Gaelic

Glenlivet Nàdurra 16 Year Old

Reviewed by: Ted

Glenlivet Nadurra 2

We are quite fond of The Glenlivet. The 12yo is a dependable drop that hits straight down the middle, perfect for when you just want to sit back and have a dram (although the introduction of the Founders Reserve may change all that). So what happens if you knock things up a notch?

If you think that your glass of Glenlivet needs a bit more punch, then look no further than the Nàdurra. Gaelic for ‘natural’, the Nàdurra is a cask strength release from the Speyside distiller. Glenlivet claims that it is a traditional 19th century style dram, evoking the character of the whiskies originally created by founder George Smith.

Using first-fill American oak casks, the Nàdurra is aged for 16 years and then bottled between 54-55%. My particular example stands at 54.7% and was bottled 06/13 from batch 0613X. As you would expect from a bourbon-aged whisky, the colour is fairly light, although the strength keeps it at a weak amber rather than straw-like.

The nose is fat and rounded, with melted brown sugar, vanilla, cinnamon, cloves, cocoa, peach, malt biscuits and apricot jam. It’s fairly direct on the nostrils too thanks to the strength, but the sweet, gooey nature means that it oozes seductively, like the smell of pudding wafting from the kitchen on a cold night.

On the mouth the Nàdurra is hot and slightly dry, with a nice spiciness. When you take a sip it zooms straight to the roof of the mouth before plonking down onto the back of the tongue. A bitter caramel finish lingers around the mouth, although I suspect it would be rather shorter at a lower strength.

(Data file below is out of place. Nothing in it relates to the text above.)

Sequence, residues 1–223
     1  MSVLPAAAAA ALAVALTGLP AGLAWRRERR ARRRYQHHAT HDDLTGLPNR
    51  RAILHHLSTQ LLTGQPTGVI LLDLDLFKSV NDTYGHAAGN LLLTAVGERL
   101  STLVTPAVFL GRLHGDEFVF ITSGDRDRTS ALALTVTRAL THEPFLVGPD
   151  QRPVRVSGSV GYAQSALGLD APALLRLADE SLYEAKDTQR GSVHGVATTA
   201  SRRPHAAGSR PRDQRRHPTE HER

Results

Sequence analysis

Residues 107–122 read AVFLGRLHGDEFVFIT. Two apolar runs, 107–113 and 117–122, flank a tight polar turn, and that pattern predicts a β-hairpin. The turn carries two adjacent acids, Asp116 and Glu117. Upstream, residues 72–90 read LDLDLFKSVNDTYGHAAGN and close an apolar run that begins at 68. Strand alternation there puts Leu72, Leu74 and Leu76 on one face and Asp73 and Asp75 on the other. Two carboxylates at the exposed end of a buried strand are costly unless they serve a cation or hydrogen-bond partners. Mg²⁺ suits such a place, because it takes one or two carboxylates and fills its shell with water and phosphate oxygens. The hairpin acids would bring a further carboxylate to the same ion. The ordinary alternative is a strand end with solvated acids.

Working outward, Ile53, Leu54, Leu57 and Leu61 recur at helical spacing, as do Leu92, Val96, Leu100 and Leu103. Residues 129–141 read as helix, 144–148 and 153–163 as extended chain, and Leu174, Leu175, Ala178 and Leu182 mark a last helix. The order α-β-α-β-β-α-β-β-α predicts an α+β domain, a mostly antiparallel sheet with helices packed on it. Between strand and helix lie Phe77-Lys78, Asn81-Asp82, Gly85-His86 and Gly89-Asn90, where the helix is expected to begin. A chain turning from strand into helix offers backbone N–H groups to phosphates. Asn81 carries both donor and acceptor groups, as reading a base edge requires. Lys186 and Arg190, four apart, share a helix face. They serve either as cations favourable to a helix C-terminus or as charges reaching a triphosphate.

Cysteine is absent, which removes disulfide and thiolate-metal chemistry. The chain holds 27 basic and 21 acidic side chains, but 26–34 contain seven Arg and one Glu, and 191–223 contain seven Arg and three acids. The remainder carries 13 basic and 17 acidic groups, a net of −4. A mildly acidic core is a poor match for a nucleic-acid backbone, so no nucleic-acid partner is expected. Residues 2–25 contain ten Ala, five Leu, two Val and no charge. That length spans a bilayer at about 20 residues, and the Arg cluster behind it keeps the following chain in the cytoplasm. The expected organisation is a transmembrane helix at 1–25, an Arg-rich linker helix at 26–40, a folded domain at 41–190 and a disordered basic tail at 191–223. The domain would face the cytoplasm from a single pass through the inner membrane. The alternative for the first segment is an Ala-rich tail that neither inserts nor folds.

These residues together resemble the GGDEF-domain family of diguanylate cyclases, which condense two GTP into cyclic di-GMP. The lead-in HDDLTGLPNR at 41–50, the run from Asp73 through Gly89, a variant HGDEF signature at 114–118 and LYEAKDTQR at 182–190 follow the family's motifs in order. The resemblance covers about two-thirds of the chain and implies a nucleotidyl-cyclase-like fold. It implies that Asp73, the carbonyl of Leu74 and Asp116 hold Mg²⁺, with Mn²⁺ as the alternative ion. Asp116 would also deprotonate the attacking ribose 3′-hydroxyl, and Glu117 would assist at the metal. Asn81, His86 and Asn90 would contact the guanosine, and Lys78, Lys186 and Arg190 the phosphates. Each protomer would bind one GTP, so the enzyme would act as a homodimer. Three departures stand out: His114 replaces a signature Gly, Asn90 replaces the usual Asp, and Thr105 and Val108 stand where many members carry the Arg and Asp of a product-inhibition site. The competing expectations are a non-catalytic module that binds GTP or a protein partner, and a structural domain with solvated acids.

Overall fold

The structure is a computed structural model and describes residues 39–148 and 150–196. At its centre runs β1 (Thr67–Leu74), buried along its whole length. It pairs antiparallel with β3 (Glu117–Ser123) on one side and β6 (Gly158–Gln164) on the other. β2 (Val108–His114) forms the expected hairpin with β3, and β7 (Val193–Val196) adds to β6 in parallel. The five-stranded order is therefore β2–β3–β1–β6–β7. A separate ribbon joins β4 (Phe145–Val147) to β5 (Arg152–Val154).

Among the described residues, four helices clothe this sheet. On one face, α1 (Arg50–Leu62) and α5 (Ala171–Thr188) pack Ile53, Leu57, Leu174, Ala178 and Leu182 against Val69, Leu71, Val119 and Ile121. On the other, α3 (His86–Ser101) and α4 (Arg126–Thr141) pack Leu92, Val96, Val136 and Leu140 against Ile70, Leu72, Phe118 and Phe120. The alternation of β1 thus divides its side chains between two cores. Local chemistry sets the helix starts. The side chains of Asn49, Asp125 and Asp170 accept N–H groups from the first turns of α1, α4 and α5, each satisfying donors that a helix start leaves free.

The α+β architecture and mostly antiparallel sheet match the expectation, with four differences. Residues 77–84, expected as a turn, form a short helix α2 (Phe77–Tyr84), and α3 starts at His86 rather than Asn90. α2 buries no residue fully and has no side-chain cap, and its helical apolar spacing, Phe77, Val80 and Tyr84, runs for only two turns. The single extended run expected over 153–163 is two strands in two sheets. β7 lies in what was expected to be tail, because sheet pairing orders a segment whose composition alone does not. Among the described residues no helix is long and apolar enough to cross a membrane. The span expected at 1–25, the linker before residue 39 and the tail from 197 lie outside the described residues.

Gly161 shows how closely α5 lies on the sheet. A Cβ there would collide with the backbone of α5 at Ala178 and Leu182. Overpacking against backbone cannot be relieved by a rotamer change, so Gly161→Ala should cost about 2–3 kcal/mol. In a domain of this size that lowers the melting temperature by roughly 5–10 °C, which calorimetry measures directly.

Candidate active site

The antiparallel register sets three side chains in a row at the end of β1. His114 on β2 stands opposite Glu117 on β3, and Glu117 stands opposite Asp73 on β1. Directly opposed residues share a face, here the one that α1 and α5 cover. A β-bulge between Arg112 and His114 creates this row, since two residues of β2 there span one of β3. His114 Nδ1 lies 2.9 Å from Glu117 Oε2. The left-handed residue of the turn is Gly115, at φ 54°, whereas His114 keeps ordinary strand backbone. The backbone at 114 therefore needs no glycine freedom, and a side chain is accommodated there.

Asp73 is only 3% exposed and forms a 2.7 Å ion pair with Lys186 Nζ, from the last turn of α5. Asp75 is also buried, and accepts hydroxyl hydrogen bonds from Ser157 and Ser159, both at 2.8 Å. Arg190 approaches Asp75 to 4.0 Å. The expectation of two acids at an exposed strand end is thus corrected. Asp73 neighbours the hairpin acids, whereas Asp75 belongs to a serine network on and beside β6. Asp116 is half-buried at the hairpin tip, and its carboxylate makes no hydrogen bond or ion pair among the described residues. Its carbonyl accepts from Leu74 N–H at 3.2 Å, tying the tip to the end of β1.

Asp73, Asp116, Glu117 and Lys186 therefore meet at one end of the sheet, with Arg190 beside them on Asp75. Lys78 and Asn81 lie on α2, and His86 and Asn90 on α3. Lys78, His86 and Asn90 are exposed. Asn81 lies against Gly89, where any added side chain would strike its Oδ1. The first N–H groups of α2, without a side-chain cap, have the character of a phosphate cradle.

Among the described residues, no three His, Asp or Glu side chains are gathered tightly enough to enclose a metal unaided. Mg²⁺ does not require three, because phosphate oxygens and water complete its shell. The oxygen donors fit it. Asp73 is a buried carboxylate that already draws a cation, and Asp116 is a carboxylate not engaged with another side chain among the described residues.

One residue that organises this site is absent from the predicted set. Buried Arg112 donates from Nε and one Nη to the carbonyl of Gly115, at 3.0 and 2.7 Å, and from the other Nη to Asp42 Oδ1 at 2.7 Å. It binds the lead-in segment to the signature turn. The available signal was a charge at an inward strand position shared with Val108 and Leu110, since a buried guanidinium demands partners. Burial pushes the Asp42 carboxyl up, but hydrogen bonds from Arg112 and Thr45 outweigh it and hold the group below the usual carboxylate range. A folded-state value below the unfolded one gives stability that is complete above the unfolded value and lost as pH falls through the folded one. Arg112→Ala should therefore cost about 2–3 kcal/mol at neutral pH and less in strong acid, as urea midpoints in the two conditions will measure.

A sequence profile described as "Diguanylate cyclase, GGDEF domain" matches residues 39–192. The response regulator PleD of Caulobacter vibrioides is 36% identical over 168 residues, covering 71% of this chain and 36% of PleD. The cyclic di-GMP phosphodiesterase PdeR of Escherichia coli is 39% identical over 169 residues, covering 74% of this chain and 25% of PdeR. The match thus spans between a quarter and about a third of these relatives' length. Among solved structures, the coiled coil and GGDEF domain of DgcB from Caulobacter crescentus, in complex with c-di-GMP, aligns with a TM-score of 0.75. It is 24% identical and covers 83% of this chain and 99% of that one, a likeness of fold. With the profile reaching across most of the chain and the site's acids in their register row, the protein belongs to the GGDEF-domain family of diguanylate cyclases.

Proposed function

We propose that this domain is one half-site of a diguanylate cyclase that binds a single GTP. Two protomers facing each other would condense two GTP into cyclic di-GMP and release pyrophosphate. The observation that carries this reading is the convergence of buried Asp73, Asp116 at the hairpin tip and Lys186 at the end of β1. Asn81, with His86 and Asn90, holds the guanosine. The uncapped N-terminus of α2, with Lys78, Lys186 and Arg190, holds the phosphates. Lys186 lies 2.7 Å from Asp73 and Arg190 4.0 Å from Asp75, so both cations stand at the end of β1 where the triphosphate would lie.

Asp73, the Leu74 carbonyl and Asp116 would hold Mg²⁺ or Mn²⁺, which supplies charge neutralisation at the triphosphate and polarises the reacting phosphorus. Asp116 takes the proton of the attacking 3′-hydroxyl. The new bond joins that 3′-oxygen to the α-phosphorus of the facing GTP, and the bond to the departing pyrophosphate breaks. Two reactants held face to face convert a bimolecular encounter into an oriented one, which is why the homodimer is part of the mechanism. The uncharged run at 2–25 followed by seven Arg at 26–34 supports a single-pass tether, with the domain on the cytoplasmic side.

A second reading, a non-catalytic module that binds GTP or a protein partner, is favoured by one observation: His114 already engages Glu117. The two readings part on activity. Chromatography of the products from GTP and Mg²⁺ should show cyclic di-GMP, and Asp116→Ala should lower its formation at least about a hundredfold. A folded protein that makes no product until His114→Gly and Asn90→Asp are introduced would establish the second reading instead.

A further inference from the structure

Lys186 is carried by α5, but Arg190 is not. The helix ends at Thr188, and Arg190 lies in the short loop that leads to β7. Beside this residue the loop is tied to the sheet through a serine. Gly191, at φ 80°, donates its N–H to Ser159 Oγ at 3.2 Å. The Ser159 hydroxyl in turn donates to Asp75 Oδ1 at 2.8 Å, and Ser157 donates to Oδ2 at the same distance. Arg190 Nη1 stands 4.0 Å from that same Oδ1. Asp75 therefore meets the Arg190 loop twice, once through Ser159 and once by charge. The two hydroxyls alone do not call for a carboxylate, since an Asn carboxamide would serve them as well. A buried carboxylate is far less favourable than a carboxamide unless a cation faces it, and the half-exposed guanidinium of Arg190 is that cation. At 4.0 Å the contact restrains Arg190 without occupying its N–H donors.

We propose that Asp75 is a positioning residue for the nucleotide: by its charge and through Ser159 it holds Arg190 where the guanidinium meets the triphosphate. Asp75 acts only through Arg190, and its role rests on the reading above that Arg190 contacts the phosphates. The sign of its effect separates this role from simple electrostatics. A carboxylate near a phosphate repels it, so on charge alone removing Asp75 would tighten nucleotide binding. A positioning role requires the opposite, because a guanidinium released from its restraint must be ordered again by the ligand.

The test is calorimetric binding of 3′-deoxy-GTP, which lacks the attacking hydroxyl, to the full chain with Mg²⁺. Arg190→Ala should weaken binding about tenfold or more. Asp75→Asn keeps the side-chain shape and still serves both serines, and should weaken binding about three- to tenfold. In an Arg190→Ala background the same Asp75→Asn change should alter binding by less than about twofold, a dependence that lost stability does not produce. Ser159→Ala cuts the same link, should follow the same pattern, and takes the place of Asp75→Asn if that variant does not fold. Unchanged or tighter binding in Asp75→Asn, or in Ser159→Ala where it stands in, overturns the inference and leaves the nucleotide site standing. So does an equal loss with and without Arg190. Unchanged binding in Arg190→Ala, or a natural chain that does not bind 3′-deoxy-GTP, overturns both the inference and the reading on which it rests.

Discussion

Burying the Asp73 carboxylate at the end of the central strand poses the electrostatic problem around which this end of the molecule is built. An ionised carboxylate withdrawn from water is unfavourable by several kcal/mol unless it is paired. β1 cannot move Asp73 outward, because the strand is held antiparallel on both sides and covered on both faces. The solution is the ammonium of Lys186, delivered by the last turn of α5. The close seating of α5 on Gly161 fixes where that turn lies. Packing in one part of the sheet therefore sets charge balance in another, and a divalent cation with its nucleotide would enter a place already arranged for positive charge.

The Glenlivet Nàdurra is no everyday dram to knock back after work. Instead it’s perfect for snuggling down on the couch at the end of the evening, or, and I speak from personal experience, keeping warm while gazing up at the stars on a perfectly clear night. If you’re looking for a friendly companion cask-strength dram, then the Nàdurra is a natural choice.

★★★

Whisky and Chocolate: why has it taken me so long?

Posted by: Nick. Photos courtesy of Craig Johnstone

Whisky. Chocolate. Two undoubtedly magnificent creations. Why, then, has it taken me so long to realise that combining the two is the best idea hit upon since a particular Bill Lark fishing trip?

Enter Ian Reed, organiser of tenuous themes for Whisky Business, who decided the night’s proximity to Easter was as good an excuse as any to bring along chocolate bunnies to the next gathering.

While the selection of whiskies was sure to be excitingly varied, the selection of chocolate turned out to be less so, although this was through no fault of mine or Craig’s, who both brought some excellent blocks (disclaimer: mine was slightly more excellent). Ian gathered everyone together. It was time to begin.

Whisky n Chocolate dram 1

Whisky number one, it transpired was the Scapa 16 Year Old, a lovely and easy drinking Orcadian drop. However tonight I couldn’t help but notice an intriguingly pleasant bitterness about it, so selected an equally bitter 70% dark chocolate to accompany it. My results were as follows:

Bitter + bitter = not bitter!

Strangely enough, together the two bitter flavours cancelled each other out and left smooth and sweet strawberry and melon notes I hadn’t noticed before. A win for the paring!

Whisky n Chocolate dram 2

Whisky number two was immediately picked by Craig as a rum barrel finish, which was either a lucky guess or proof that he knows his stuff. The whisky was a 15 Year Old BenRiach, which had indeed been finished in rum barrels. I selected a Lindt Salted Caramel to accompany it.

Rum barrel + salted caramel = tropical punch!

Apparently the secret to unlocking the fruit flavours in the rum finish was a block of salted caramel chocolate! Two out of two for the chocolate paring!

Whisky n Chocolate dram 3